In a July 3 ESPNFC.com article by Jeff Carlisle, Foose said, "The U.S. Soccer Federation's attorneys have concluded and informed everybody that those payments would create a significant anti-trust risk for the federation. So these are the conclusions reached by our federation, certainly the conclusions reached by [MLS]."
Foose added that the MLSPU is against training compensation and solidarity payments because they "take money and opportunity away from our players" and make it more difficult for players to land spots foreign clubs because they would "add a tax on [their transfer]."
Following the MLSPU's response to the lawsuit, plaintiffs issued a statement that said: “The MLSPU has now launched a litany of arguments and attacks against the US Youth Clubs regarding the Texas lawsuit, all of which fail to address the basic points of the lawsuit and mispresent the intent of the US Youth Clubs. …
“The training compensation and solidarity fees sought here by US Youth Clubs is paying for past fee scholarships to create more fee scholarships, and lower fees for existing soccer players. Everyone in US Soccer but MLSPU views adherence to the FIFA RSTP [Regulations on the Status and Transfer of Players] as a method to bring revenue into the US youth soccer system, both amateur and professional, to open up soccer to all potential players from all economic backgrounds. The US Youth Clubs do not believe that these rules violate US antitrust laws. The MLSPU simply disagrees with this specific rule of the FIFA RSTP and policies behind it, and holds its antitrust sword over the heads of anyone who would seek to enforce the international FIFA RSTP or implement some form of it within the US. The MLSPU position here is isolationist, regressive and limits the progress of US soccer for both women and men.”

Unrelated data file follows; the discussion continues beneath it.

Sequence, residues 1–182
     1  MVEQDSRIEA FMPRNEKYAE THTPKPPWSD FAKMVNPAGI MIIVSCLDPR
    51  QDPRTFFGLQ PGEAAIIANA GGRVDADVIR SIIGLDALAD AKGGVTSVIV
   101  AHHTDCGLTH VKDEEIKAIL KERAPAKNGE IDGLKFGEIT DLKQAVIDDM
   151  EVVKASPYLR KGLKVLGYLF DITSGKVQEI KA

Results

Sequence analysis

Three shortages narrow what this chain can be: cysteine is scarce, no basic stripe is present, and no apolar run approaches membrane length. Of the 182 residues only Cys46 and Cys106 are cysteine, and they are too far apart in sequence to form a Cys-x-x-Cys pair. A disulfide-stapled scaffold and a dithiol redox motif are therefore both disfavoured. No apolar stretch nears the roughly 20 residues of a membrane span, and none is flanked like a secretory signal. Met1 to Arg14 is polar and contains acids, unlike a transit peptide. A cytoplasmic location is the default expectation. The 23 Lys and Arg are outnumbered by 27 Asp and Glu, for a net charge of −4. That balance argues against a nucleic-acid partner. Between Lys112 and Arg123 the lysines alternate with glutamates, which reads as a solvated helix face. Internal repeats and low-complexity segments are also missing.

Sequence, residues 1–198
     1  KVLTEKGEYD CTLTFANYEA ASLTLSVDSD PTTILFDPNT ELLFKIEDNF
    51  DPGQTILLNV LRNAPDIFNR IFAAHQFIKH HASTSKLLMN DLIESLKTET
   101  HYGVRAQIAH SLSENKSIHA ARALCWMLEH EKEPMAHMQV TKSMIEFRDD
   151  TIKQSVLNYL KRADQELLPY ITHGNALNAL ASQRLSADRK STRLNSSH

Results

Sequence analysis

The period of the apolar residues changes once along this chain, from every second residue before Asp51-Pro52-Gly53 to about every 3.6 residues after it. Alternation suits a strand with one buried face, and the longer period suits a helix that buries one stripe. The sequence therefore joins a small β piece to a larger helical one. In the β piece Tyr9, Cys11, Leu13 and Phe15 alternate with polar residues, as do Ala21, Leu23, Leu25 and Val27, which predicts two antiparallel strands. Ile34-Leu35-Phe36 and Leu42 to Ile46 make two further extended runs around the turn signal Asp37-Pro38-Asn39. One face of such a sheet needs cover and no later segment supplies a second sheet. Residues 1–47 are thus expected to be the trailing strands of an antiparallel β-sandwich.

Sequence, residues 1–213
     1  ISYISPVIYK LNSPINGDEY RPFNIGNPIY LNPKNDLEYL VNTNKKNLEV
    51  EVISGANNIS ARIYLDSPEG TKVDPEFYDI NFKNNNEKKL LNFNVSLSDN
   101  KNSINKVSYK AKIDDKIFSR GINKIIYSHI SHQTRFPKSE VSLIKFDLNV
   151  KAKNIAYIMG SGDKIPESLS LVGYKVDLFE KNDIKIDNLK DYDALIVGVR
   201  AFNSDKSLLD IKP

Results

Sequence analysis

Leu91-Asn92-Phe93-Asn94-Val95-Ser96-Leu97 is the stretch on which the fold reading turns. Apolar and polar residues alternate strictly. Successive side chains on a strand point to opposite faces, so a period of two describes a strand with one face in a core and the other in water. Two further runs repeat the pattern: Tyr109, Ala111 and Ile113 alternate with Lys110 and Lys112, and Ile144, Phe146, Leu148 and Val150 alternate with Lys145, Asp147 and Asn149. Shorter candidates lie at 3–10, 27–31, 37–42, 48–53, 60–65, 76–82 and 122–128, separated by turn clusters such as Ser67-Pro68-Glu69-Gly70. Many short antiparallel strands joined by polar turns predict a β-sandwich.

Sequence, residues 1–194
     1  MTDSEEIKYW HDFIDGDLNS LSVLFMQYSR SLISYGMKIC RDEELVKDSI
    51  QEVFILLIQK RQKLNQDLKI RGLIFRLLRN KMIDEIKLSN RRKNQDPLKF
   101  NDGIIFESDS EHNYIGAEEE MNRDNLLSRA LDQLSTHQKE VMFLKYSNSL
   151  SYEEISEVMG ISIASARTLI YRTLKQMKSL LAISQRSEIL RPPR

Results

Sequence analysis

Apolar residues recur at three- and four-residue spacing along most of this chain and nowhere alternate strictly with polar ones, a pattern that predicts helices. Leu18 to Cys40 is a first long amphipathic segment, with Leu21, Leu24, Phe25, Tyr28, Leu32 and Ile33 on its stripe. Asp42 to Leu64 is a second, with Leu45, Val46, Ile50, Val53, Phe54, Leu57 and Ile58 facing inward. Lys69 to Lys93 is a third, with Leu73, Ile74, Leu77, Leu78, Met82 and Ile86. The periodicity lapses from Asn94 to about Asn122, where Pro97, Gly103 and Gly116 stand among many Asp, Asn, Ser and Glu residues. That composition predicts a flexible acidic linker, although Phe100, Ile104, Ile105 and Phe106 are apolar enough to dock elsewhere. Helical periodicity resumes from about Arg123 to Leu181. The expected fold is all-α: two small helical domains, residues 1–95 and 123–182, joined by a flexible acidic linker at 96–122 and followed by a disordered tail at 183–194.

MLSPU board member Ethan Finlay described the youth clubs' quest for compensation as a “shakedown.”
“The youth clubs that filed this suit against us are well compensated for the services that they provide to children under the terms that the clubs themselves set and agree upon. It’s absurd that they would try to shake down the very few players who come through their ranks and go on to play professionally.”
The plaintiffs responded that the players for which the clubs are seeking compensation for were scholarshipped by their clubs:
“This is not ‘double-dipping’ by the clubs here, this is not a ‘shakedown.’ Almost all players at any US youth soccer club that would be involved with a claim of training compensation or solidarity fees would have had fee scholarships in place as the player necessarily would be playing at a very high level. … We want to move away from elitist the ‘pay-to-play model’ and open up our soccer programs to all youth players regardless of the ability to pay. … How does the MLSPU expect the youth soccer clubs to cover both the highest end of development and lowest level of entry into our soccer system with adequate fee scholarships? The US Youth Clubs submit that there is an existing structure that was purposely designed to help in achieving these goals, it’s the FIFA RSTP.”
The plaintiffs also argue the USA not enforcing FIFA training compensation rules results in MLS academies and other U.S. Soccer Development Academy teams being "raided" Mexican clubs:
“The Mexican teams know they don’t have to pay training compensation for players signed from the MLS clubs or US youth soccer teams, yet the Mexican club would have to pay it within Mexico for a player signed from across the street. The lack of enforcement of the FIFA RSTP hurts the MLS, NASL, and USL Pro just as much as it hurts the US youth soccer clubs in losing their investments in quality US players.”